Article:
Marciano needed seven fewer rounds in the rematch, knocking out Walcott in his last ever appearance to a boxing ring in just one round on May 15, 1953.
A win over Roland La Starza, back to back victories over Ezzard Charles and the stoppages of Don Cockell and the great Archie Moore followed before his eventual retirement in April 1956, aged just 32.
Marciano’s record stood at 49-0 with an incredible 43 coming by way of either stoppage or knockout with plaudits aplenty.
The one that stands out for me was Archie Moores’ notion when asked about Rock a day after he was beaten, telling the New York News “Marciano is far and away the strongest man I’ve ever encountered in almost 20 years of fighting. And believe me I’ve met some tough ones.”
His detractors remain to this day, claiming he wasn’t the most gifted, he fought fighters past their prime years, the heavyweight division wasn’t competitive yada yada yada.
His defenders will reply that Joe Louis may have been 37 Years Old but was never beaten the way in which he was at the hands of Marciano, neither were the household names of Charles or Moore.
The fact of the matter was, whatever a fighter stood in front of Marciano he had to be prepared to walk through hell to gain victory, the power, the determination and the never-ending come forward style were attributes that none of the 49 opponents was able to match
Boxing historian Bert Sugar best described Marciano’s right-hand punch as “the most devastating weapon ever brought into the ring.”
Whilst his younger brother Peter Marciano gave us a first hand account of his brother saying, “Rocky lived like a monk. He was always in incredible condition. He was devoted to training and he could always throw more punches than he ever faced. He’s never been given full credit for his condition.”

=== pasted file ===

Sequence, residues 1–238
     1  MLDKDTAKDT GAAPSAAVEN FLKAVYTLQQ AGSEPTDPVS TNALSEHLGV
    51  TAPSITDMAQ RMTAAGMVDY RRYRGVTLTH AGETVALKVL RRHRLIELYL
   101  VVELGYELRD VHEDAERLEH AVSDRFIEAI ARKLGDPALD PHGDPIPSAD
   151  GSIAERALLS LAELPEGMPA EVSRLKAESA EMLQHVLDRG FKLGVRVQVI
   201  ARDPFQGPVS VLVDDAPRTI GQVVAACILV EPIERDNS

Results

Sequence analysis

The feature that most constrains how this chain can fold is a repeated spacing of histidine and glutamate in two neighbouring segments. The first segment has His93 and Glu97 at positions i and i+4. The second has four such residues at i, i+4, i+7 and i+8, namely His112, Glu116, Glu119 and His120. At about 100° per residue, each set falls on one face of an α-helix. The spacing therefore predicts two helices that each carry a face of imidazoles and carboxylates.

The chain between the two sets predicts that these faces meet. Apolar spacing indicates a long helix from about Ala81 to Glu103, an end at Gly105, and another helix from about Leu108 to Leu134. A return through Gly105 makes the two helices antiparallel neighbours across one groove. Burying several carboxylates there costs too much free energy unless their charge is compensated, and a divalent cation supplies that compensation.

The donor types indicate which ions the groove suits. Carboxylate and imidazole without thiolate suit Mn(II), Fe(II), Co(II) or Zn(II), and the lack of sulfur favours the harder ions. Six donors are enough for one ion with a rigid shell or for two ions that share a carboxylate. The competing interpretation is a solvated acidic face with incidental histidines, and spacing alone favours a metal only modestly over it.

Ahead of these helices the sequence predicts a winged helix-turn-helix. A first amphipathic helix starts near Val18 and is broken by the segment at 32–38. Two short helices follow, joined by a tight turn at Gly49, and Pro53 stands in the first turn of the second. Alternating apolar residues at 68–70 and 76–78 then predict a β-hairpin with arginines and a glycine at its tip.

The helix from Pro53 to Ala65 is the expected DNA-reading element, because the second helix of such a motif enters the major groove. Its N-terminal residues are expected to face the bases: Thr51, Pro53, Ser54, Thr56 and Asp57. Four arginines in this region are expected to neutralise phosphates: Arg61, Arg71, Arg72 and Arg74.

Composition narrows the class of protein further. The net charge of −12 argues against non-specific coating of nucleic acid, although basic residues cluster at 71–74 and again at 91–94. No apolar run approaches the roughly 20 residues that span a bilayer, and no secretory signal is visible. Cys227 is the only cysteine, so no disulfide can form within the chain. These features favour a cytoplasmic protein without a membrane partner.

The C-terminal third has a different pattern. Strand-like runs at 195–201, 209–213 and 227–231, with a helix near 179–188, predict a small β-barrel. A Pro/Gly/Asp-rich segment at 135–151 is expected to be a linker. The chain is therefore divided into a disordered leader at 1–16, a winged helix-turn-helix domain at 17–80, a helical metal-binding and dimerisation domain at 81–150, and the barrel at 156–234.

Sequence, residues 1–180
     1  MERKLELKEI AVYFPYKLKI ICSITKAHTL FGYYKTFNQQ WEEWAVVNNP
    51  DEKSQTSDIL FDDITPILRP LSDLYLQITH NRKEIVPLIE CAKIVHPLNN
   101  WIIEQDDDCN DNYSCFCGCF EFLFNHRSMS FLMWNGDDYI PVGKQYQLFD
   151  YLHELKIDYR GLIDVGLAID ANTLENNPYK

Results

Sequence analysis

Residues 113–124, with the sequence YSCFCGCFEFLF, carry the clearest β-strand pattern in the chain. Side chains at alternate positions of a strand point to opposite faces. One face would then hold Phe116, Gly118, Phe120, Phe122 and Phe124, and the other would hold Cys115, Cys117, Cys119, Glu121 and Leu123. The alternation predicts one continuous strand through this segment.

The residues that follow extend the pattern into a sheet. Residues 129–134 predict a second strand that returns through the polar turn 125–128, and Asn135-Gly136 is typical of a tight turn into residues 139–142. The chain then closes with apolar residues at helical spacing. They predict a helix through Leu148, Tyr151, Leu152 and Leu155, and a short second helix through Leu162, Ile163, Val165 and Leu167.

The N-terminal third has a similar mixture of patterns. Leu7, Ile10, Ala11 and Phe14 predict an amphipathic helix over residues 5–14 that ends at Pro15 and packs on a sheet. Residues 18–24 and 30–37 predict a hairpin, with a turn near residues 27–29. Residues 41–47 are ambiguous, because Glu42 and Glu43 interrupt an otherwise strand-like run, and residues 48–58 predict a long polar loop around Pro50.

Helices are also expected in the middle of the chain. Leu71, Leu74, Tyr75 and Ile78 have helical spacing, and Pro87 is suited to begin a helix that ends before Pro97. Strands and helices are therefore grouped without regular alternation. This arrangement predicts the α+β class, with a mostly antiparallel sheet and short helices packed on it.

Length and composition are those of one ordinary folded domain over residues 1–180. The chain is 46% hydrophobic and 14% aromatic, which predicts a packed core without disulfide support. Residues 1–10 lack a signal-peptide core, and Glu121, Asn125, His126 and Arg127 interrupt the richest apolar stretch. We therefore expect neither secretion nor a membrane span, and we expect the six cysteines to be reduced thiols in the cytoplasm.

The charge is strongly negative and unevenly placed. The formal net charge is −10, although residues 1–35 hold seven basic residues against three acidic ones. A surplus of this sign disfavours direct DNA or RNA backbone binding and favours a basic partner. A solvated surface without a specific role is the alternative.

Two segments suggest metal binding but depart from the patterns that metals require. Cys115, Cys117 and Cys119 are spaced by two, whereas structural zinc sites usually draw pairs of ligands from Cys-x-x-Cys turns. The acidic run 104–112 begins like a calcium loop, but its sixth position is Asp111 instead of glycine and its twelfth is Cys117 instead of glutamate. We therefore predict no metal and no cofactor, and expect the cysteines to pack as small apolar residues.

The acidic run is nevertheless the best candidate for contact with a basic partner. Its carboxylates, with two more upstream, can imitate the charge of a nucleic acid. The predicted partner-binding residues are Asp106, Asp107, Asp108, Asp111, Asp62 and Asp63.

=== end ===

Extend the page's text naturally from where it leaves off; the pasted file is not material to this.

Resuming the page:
I’d have to agree with Peter.
Marciano would go on to enter the realm of Film/Television shortly before his demise but the news that brought the boxing world to its knees took place on August 31, 1969 (the day before his 46th birthday),
Marciano was a passenger in a small private plane heading to Des Moines, Iowa. It was a nighttime flight and bad weather made the conditions for flying even more troublesome. The pilot, Glenn Belz, had 231 total hours of flying time, 35 of them at night and had no instrument rating.
Belz tried to land the plane at a small airfield outside Newton, Iowa but the aircraft hit a tree two miles short of the runway.
Flying with Marciano in the back seat was Frankie Farrell, 28, the oldest son of Lew Farrell, a former boxer who had known Marciano since his childhood. Marciano, Belz and Farrell were killed on impact.
The National Transportation Safety Board report said, “The pilot attempted an operation exceeding his experience and ability level, continued visual flight rules under adverse weather conditions and experienced spatial disorientation in the last moments of the flight.”
Marciano will forever be compared with the divisions best, a 5’10 fighter who only weighed 85kg would be dwarfed by the fighters of this generation but I can guarantee that none possessed the heart of the ‘Brockton Blockbuster’.